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Expos'd to every coxcomb's eyes,
power of spittle and a clout,
MRS FRANCES HARRIS'S PETITION,
[This, and the following piece of humour, which, in their own
peculiar style, will probably never be equalled, were written while Swift was chaplain to Lord Berkeley in Ireland. None of his talents is more remarkable than the case with which he could assume the character which he best pleased to occupy for the moment, and bind down his powerful genius to the thoughts, sentiments, and expressions of a chambermaid or housekeeper.]
To their excellencies the Lords Justices of Ire.
The humble petition of Frances Harris,
Lady Betty's † chamber, because I was cold; And I had in a purse seven pounds, four shillings,
and sixpence, besides farthings, in money and
gold; So because I had been buying things for my lady
last night, I was resolv'd to tell my money, to see if it was
* The Earls of Berkeley and of Galway.-H.
Now, you must know, because my trunk has a
very bad lock, Therefore all the money I have, which, God
knows, is a very small stock, I keep in my pocket, tied about my middle, next
So when I went to put up my purse, as God would
have it, my smock was unripp'd, And instead of putting it into my pocket, down it
slipp'd ; Then the bell rung, and I went down to put my
lady to bed; And, God knows, I thought my money was as
safe as my maidenhead. So, when I came up again, I found my pocket feel
very light; But when I search'd, and miss'd my purse, Lord !
I thought I should have sunk outright. “ Lord ! madam,” says Mary, "how d'ye do?"
“ Indeed,” says I, “ never worse : But pray, Mary, can you tell what I have done
with my purse?" “ Lord help me!” says Mary,
« I never stirr'd out of this place!" “ Nay,” said I, “ I had it in Lady Betty's cham
ber, that's a plain case." So Mary got me to bed, and cover'd me up However, she stole away my garters, that I might
do myself no harm. So I tumbled and toss'd all night, as you may very
well think, But hardly ever set my eyes together, or slept a
So I was a dream'd, methought, that I went and
search'd the folks round, And in a corner of Mrs Dukes's * box, tied in a rag,
the money was found. So next morning we told Whittle t, and he fell a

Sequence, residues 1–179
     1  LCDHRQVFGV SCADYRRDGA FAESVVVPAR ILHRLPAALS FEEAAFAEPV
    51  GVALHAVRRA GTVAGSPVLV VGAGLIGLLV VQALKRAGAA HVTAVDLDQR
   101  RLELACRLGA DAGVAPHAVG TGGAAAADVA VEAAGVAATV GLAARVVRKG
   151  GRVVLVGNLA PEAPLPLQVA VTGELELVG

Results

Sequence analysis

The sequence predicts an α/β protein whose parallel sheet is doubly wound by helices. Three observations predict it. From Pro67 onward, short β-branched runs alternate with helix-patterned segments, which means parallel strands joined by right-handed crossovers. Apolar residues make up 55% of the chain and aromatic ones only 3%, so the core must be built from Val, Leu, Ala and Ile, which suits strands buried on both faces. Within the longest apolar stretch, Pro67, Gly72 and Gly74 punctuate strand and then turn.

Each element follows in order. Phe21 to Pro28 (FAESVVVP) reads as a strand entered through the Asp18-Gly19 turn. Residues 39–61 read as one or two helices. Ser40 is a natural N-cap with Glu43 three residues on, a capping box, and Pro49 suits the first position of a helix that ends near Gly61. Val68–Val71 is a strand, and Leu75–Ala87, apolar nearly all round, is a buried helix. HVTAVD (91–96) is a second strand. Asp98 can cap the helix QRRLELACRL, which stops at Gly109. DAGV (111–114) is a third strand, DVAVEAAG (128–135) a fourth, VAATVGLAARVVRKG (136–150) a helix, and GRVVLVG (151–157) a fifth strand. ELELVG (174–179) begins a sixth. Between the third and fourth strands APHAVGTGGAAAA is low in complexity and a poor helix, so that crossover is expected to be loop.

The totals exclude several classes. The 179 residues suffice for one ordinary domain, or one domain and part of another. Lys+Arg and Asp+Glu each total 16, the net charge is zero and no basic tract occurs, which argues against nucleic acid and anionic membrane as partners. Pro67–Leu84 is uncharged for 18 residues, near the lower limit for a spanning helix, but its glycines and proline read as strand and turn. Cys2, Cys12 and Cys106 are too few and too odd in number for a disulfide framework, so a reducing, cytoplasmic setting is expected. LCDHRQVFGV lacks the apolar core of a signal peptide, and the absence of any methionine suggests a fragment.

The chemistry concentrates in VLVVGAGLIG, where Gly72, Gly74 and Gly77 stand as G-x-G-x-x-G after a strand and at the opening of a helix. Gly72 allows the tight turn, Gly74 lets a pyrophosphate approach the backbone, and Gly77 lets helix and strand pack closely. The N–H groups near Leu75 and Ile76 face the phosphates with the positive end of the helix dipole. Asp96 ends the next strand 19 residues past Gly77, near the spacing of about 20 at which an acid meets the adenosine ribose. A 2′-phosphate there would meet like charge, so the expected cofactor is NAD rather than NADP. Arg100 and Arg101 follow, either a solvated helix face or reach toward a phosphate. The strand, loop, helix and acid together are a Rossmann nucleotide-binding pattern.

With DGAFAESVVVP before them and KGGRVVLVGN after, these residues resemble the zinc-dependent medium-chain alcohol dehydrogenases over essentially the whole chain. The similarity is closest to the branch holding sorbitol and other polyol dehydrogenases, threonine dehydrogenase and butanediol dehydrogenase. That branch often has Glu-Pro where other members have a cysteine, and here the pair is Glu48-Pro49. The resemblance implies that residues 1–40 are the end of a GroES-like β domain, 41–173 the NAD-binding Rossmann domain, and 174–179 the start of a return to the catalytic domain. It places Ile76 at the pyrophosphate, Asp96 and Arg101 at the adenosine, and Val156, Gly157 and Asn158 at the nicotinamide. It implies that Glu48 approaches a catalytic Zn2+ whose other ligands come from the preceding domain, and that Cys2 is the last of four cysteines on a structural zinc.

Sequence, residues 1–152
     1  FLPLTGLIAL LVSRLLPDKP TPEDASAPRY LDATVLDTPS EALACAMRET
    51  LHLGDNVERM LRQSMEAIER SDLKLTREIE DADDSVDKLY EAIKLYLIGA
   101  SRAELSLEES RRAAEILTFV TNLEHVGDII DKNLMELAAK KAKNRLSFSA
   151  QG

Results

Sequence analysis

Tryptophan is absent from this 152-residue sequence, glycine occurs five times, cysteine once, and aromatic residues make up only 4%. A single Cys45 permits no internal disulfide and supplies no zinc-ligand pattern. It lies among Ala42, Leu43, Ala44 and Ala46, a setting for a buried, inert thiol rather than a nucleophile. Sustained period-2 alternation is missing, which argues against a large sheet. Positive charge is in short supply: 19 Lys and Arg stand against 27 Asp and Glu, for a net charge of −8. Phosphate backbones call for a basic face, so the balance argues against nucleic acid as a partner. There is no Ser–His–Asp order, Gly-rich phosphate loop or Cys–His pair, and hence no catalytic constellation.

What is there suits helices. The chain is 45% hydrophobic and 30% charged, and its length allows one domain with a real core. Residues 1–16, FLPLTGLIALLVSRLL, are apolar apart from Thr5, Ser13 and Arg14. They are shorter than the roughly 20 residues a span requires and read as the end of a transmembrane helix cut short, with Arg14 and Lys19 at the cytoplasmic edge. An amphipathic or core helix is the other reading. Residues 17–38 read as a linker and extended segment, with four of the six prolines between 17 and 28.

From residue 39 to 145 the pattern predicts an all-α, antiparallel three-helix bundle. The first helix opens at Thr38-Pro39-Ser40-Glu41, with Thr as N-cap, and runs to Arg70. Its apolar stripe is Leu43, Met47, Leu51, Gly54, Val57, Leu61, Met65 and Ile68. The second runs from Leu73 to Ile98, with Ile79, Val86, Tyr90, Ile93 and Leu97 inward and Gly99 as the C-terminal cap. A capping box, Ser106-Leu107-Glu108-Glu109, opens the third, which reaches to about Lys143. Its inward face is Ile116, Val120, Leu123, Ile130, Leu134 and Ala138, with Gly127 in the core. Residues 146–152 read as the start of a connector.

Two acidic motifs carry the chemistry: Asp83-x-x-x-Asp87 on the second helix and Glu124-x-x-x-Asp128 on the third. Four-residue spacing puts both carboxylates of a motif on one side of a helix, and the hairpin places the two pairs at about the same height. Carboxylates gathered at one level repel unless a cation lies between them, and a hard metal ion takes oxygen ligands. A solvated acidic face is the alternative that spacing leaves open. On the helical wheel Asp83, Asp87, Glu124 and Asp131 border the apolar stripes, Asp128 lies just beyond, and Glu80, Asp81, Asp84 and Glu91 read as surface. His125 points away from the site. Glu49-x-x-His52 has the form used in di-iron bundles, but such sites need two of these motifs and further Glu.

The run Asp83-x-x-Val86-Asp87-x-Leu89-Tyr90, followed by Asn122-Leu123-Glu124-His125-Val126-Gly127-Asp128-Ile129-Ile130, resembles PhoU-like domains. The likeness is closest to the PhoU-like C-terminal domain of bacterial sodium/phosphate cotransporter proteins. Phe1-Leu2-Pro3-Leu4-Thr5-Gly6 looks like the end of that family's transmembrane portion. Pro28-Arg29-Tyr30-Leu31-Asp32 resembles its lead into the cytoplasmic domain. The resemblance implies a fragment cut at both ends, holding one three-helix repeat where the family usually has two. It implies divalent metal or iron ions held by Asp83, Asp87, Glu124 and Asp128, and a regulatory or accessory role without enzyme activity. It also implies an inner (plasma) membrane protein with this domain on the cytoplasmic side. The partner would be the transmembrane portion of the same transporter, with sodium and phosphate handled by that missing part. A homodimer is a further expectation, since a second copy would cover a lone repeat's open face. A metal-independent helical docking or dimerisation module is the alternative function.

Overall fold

swearing : Then my dame Wadger | came; and she, you know,
is thick of hearing. Dame," said I, as loud. I could bawl, “ do you
know what a loss I have had ?" “ Nay,” said she, “my Lord Colway's $ folks are
all very sad : For my Lord Dromedary || comes a Tuesday with
“ Pugh !” said I, “but that's not the business that
I ail.” Says Cary, says he, “ I have been a servant this
five and twenty years, come spring, And in all the places I liv'd I never heard of such
a thing." “ Yes,” says the steward, ** “ I remember when I
was at my Lady Shrewsbury's, Such a thing as this happen'd, just about the time
* Wife to one of the footmen.-H.
The old deaf housekeeper.-H. Galway.--H. | The Harl of Drogheda, who, with the primate, was to succeed the two earls, then lords justices of Ireland.
1 Clerk of the kitchen.H.
** Ferris ; whom the poet terms in his Journal a scoundrel dog, Vol. II. p. 115.
So I went to the party suspected, and I found her
full of grief : (Now, you must know, of all things in the world,
I hate a thief :) However, I was resolv'd to bring the discourse slily
about: “ Mrs Dukes,” said I, “ here's an ugly accident
has happen'd out : 'Tis not that I value the money three skips of a
louse ; * But the thing I stand upon is the credit of the
house. 'Tis true, seven pounds, four shillings, and sixpence,
makes a great hole in my wages : Besides, as they say, service is no inheritance in Now, Mrs Dukes, you know, and every body un
derstands, That though 'tis hard to judge, yet money can't go
without hands." “ The devil take me !" said she (blessing herself)
“ if ever I saw't !" So she roar'd like a bedlam, as though I had callid
her all to naught. So you know, what could I say to her any more? I e'en left her, and came away as wise as I was be
fore. Well; but then they would have had me gone to
the cunning man ! No,” said I, “ 'Tis the same thing, the Chap
LAIN † will be here anon.”
* A usual saying of hers.--H,